Accompaniment Practice Patterns

Most pieces of music have a musical background which supports the melody. This background often repeats the notes of the chords in the chord sequence in regular rhythmic patterns. The successful modern keyboard player needs to be able to devise left hand accompaniment patterns from chord symbols to provide this background in solo keyboard styles.

This material uses the chords of Johann Pachelbel’s famous Canon in D major. For maximum benefit, you should know your D major scale well. For a thorough ‘refresher’, click through to this Musicarta web page.

The CANON PROJECT

Pachelbel’s Canon in D is perhaps the most famous chord sequence of all time, and the basis of dozens of popular hits. If you can play and understand the Canon chord sequence, there isn’t much in popular music harmony you won’t be able to figure out! Its regular structure also makes it a great springboard for improvising and composition.

Canon Project cover
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Click through to the Canon Project YouTube playlist here

The MIDI files for this free Musicarta module are available here. You can play these files on MidiPiano, a free desktop ‘virtual keyboard’. With Musicarta’s free MIDI files, MidiPiano will accelerate all your keyboard learning. Click through to the Musicarta MidiPiano page to learn more.

    Naming chord tones

Accompaniment patterns are usually made from the root, the third and the fifth (the chord tones) of the chord named in the chord symbol. You find them by counting scale tones (in this case, D major scale tones) up from the root/name-note of the chord, as shown in the next illustration. The root is number one – there is no zero in this kind of counting.

APPM_01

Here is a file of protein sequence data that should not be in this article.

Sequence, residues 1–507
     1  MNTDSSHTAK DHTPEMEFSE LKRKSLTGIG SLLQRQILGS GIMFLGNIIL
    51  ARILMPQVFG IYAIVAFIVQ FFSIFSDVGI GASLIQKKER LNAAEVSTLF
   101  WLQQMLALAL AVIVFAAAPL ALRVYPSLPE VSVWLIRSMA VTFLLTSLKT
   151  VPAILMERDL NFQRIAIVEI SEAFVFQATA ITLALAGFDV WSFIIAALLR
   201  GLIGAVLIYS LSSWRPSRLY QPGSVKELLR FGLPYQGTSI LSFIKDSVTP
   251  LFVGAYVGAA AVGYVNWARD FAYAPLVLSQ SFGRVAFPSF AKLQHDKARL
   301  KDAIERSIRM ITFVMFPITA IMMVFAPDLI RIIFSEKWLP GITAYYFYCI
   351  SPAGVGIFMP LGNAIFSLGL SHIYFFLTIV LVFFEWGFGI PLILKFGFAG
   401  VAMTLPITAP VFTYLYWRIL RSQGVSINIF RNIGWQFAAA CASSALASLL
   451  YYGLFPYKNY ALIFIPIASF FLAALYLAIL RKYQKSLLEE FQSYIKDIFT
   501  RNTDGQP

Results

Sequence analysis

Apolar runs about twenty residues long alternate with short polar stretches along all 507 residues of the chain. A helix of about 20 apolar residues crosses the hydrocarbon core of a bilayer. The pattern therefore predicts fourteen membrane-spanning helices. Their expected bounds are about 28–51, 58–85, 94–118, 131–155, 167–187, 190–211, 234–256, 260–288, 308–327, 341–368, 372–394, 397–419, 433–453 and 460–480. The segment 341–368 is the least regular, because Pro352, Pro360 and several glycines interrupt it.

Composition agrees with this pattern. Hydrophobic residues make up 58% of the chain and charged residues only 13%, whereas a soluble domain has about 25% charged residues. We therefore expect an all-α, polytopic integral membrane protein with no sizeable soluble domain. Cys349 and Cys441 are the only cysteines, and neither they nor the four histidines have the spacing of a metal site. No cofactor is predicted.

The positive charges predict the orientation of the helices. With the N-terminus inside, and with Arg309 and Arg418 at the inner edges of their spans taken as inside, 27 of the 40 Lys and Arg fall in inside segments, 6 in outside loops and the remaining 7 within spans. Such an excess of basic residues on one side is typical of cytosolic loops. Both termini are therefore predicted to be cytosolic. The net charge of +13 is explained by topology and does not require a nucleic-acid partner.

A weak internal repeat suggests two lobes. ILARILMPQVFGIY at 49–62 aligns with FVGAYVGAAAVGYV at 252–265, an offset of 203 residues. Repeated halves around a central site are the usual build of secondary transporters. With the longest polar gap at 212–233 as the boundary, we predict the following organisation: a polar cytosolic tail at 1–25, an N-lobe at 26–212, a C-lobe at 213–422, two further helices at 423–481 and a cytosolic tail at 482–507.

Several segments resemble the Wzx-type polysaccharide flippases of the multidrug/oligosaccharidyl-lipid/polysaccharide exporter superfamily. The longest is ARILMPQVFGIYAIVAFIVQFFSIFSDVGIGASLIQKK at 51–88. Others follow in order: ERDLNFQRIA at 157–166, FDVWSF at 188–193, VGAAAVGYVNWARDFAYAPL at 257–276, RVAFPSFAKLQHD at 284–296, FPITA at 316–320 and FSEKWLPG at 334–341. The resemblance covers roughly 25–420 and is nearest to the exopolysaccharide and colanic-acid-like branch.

Find the notes and play-and-say them, as in the audio file.

The chord tones keep their own names wherever they are on the keyboard. The note F sharp is always the third of a D major chord, whether it’s above or below the D in a chord, and so on.

Here are the chord tones of our five Canon chords, played and named from around the D below middle C.

APPM_02

Find and play the notes, saying the chord tone names.

However, it’s sometimes useful to give the root and the third different names, especially when there are four notes to name – see next section.

    Typical accompaniment patterns

We can make a four-note accompaniment pattern by playing another root note an octave above the first one. We call this second root note ‘the octave’ (8), to show it’s a different key on the keyboard. We say we have ‘doubled’ the root because we play the second root as well as, not instead of, the first.

APPM_03

It’s essential going forward that you can find these notes with minimal delay for all five of the chords we are using. Copy the audio performance file using two hands so you’re not distracted by looking trying to find fingers, and be sure to say the chord tone names.

    The R, 5, 8, 10 accompaniment pattern